scientific and expedition equipment is being accumulated
transport logistics are being arranged
the crowd funding effort has exceeded the initial target of £30,000 and new rewards are made available for the final push to reach the ‘stretch’ target of £50,000
…and lots of other things continue to happen in the background…
And still, more scientific projects are added to the expedition portfolio: the team is collecting data for NASA’s GLOBE project, and we are talking with another scientist from the University of Plymouth about sampling to help elucidate the biogeography of the Antarctic continent, with focus on invertebrates. A potentially exciting addition to the strong emphasis on climate change and pollution research you can already read more about here.
Only a few days left to support this expedition through our Crowdfunding Page – you can donate or purchase one of the exclusive rewards, which now includes a fabulous, signed, photo book charting the journey across the ice!
If you want to get an impression of how much work is behind those modelling results we are seeing on the news most days?
I’ve started to narrate some of the most recent peer-reviewed publications of the scientists for which the Antarctic Quest 21 expedition will collect data…the first one is about Dr Andrew Smedley’s work on how sunlight interacts with bubbles in blue ice.
I’ve been blogging for a while about the Antarctic Quest 21 expedition that will take a team of eight onto the Forbidden Plateau on the central spine of the Antarctic Peninsula to install scientific equipment and down to the shores of the Weddell Sea to do some more of the same…see my previous posts here and here.
See and hear what it takes to get scientific data from the heart of the Antarctic Peninsula.
Antarctic Quest 21 team and patrons have published their first story video, and as I guess that Forces Net is not the usual channel for most of you, below is a link.
It’s worth a watch, even if the video fails to represent all the scientific project the expedition will support – you can always check that out on the AQ21 website and by reading my ECO Magazine article.
Featured Image credit: British Services Antarctic Expedition 2012 (BSAE2012)
My article “What is your next step against climate change“ tells the story of Antarctic Quest 21, an expedition planned for the forthcoming Austral summer on the Antarctic Pensinsula. Antarctic Quest 21 supports pollution and climate science through direct observations and installation of scientific equipment that will collect data for years to come.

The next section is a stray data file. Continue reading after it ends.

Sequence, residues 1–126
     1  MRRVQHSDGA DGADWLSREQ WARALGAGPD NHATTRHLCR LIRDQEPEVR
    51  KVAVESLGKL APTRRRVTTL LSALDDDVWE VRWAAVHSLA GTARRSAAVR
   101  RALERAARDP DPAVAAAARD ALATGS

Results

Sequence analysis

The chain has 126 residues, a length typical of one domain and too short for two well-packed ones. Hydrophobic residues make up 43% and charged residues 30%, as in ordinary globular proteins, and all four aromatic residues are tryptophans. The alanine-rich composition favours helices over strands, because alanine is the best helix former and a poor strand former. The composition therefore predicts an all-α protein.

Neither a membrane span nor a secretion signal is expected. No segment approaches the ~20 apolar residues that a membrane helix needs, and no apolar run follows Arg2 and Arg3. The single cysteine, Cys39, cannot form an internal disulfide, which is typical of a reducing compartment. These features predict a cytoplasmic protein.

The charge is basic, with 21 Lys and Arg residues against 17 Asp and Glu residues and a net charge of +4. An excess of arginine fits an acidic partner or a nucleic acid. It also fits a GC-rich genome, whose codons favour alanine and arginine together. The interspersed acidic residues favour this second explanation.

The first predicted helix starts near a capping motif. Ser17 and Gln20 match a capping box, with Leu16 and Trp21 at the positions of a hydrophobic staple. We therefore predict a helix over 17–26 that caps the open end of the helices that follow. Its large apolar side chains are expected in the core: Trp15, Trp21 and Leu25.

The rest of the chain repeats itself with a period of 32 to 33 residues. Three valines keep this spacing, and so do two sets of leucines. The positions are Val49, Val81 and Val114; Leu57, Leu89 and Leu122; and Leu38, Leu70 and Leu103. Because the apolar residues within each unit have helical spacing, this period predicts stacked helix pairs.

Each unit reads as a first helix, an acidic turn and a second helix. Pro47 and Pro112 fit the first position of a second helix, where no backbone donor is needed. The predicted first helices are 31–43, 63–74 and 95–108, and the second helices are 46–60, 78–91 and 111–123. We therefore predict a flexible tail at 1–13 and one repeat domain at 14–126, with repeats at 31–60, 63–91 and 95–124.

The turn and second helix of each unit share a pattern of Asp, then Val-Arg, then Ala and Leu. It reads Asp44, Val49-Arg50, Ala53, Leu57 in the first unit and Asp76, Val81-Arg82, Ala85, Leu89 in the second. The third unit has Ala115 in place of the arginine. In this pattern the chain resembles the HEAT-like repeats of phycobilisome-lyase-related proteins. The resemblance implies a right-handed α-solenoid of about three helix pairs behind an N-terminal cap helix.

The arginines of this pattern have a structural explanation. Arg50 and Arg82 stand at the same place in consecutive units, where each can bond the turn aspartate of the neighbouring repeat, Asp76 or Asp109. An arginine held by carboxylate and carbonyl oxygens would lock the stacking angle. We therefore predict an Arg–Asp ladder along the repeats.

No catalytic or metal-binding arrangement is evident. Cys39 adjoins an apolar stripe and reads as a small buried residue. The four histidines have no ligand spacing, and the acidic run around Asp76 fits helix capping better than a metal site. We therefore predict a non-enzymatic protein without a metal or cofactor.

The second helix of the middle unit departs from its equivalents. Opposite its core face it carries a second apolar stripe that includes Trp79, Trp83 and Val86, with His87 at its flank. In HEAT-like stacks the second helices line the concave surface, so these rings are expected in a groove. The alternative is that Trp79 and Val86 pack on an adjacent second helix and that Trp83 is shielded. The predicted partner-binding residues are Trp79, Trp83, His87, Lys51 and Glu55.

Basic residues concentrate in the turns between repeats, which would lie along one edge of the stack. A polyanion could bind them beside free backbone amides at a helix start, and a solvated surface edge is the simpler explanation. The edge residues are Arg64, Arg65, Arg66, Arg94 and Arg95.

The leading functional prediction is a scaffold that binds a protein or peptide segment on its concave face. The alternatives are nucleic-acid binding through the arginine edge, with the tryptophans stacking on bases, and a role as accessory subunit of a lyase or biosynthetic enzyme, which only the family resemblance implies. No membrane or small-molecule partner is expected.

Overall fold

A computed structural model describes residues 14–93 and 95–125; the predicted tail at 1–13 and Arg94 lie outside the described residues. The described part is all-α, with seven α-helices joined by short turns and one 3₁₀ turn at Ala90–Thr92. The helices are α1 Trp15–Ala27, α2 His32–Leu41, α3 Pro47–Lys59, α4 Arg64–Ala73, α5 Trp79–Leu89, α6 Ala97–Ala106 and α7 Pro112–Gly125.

Pelican has been in Albion Dockyard for maintenance and is now ‘shipshape and Bristol fashion’, an expression that, according to our captain Ben Wheatley, was coined here, as a reflection of the superb craftsmanship of shipwrights in this historicdock.
Before leaving, we commissioned a TriLux fluorescence sensor on loan from Chelsea Technologies. For me, it is always a delight to ‘play’ with a new instrument, and this one did not disappoint: easy to operate, no-nonsense data logging and seamless plug-and-play with our laptop. ‘Shipshape’, too!
We’ll use TriLux for spot sampling of depth profiles along a Secchi disk to determine key algal parameters involved in photosynthesis (chlorophyll a and phycoerythrin), as well as turbidity.
We will contribute our data to the Secchi Disk Foundation, who research the global distribution of primary producers that underpin the marine food web.
At the University of Plymouth, we will celebrate World Ocean Day with a conference for schools that showcases our expertise in marine research and technology in the Faculty of Science and Engineering.
Our exciting programme of talks covers all scales: local to global, pole to pole, plankton to top predators and eons of time in evolution. It also celebrates human ingenuity for investigating and solving the plant’s most pressing challenges.
Learn more and join us at the event via this LINK.
The next Austral summer (2021/22) will see a rare man-hauled expedition across the Antarctic Peninsula. The expedition team will be ‘dropped off’ at Portal Point, haul equipment up steep slopes and cross the Forbidden Plateau (my question is: what’s in a name?) and reach the shores of the Weddell Sea at Foyn Point.
There is something for everybody in this:
pollution and climate change research
education and outreach for schools and young people
celebration of the spirit of the early explorers
With plans for six important scientific projects from the UK, the Netherlands and Australia firming up and the potential to develop great outreach and educational materials, I am happy and excited to support this expedition as scientific advisor.
To learn more about the aims, to discuss adding your own science project, or to take the opportunity to sponsor something really worthwhile, go to the Antarctic Quest 21 website.
Featured Image: British Services Antarctic Expedition 2012 (BSAE2012) Map: Kate Retallick (data: SCAR Antarctic Digital Database; Landsat 8 data courtesy of U.S. Geological Survey)
This (https://cbraungardt.com) is a personal blog and the product of my experience, research, conversations and, quite possibly, occasional mistakes. If you read and use information from this blog, then it's at your own risk. Unless credited with a citation, I only publish my own images and words, so please note that I hold the copyright for all the material and you cannot use it to reprint or publish without my written consent.
Now and then, I might change the topic of my musings, edit previous posts, or even change my mind - I consider this a natural consequence of having an open and curious mind.